I found that the basic reason this occurred was that I was a victim of “laptop-itis.” Don’t laugh. Researchers at UNC-Chapel Hill School of Medicine first coined the term two years ago. After much research they determined that “high use of laptops can lead to a new ailment called laptop-itis:  neck, back and arm issues that can develop from the use of a portable computer”. The health center there says that laptop-itis had become an “epidemic”.  And, remember, these students didn’t have aged, inflexible discs when they came to campus.

Many students use their laptops regularly, for online classes, homework, research and entertainment. For them and us, the laptop often results in the user hunched over the screen in a “scrunched” position. Posture is bad and the body positions are not ergonomically correct. Prolonged use of a laptop is causing headaches, neck aches, carpal tunnel, tendonitis, and back pain in young and old.

So, my love affair with my laptop is over. I have a new adjustable-height desk at which I work standing up half the time. I have my monitor attached to a movable arm that positions it for the perfect eye-level distance. I have a rubber keyboard and an “evoluent” wireless mouse, which operates while my hand is in a vertical position (like shaking hands) not a horizontal position. It’s basically an ergonomic showcase.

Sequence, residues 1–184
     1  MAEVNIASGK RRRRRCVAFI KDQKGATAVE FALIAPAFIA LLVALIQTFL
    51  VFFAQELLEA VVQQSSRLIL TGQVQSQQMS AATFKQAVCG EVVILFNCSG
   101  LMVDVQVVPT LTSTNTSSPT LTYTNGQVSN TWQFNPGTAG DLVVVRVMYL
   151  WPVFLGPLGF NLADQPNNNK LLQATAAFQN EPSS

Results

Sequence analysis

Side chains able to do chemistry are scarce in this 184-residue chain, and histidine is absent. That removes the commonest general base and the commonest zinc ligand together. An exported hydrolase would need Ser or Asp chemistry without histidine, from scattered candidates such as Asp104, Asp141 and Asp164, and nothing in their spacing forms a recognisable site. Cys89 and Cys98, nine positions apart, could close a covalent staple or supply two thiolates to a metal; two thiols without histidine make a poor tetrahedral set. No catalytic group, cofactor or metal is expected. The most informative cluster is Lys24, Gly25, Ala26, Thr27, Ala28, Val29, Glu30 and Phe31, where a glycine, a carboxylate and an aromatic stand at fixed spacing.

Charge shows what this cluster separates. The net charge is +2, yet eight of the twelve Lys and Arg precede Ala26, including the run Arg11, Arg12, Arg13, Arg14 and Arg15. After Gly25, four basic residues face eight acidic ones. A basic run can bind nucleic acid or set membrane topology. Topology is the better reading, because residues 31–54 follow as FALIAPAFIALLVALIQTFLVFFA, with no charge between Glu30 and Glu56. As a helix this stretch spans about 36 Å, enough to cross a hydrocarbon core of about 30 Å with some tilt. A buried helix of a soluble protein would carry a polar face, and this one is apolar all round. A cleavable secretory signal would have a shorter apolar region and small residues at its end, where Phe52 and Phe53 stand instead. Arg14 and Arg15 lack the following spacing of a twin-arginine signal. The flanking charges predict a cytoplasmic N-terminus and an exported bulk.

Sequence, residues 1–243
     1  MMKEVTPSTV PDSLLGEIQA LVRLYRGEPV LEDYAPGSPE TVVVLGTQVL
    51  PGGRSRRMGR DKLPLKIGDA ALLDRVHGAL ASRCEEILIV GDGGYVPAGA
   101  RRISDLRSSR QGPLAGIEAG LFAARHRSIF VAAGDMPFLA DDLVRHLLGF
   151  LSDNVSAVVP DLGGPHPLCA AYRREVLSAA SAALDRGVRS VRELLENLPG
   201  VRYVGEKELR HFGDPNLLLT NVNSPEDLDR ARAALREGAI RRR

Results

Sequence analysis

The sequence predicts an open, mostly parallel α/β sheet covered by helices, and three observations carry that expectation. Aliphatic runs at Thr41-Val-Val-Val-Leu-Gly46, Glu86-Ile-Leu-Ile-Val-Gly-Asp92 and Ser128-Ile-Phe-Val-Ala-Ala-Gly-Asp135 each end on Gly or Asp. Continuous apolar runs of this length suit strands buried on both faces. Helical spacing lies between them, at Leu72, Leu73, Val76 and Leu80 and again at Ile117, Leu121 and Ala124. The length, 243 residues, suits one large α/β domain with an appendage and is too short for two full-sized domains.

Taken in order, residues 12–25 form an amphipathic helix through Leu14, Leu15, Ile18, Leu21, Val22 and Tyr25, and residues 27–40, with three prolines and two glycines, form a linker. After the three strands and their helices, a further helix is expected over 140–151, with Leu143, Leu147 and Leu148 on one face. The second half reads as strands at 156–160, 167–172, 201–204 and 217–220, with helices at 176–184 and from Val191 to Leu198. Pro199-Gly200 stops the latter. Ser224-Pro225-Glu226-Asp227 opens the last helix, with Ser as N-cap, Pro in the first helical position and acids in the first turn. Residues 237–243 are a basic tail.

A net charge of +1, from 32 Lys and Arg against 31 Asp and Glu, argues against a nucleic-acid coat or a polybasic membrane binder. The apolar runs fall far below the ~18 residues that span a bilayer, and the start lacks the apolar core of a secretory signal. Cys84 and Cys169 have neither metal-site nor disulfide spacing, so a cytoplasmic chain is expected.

I’m sharing this sad story of love, damage and separation, because many of you may be using your laptop too much as well. Here are some pointers for the future if you are using a laptop:

  1. Take a break every 20 minutes. Stand up, walk around and stretch.
  2. If you’re going to use a laptop, don’t cradle it in your lap.
  3. Tilt the screen so you don’t need to bend your neck. 
  4. If you can, use a desktop computer for long durations at the computer.
  5. Switch out your laptop for a desktop or use a docking station.
  6. If you have pain, see a doctor.

Remember, don’t let your laptop seduce you. It may cause you pain in the long run.

Lessons from Iceland’s Meltdown into Materialism

fee-only financial planners

From The Charleston Mercury, Thursday, September 20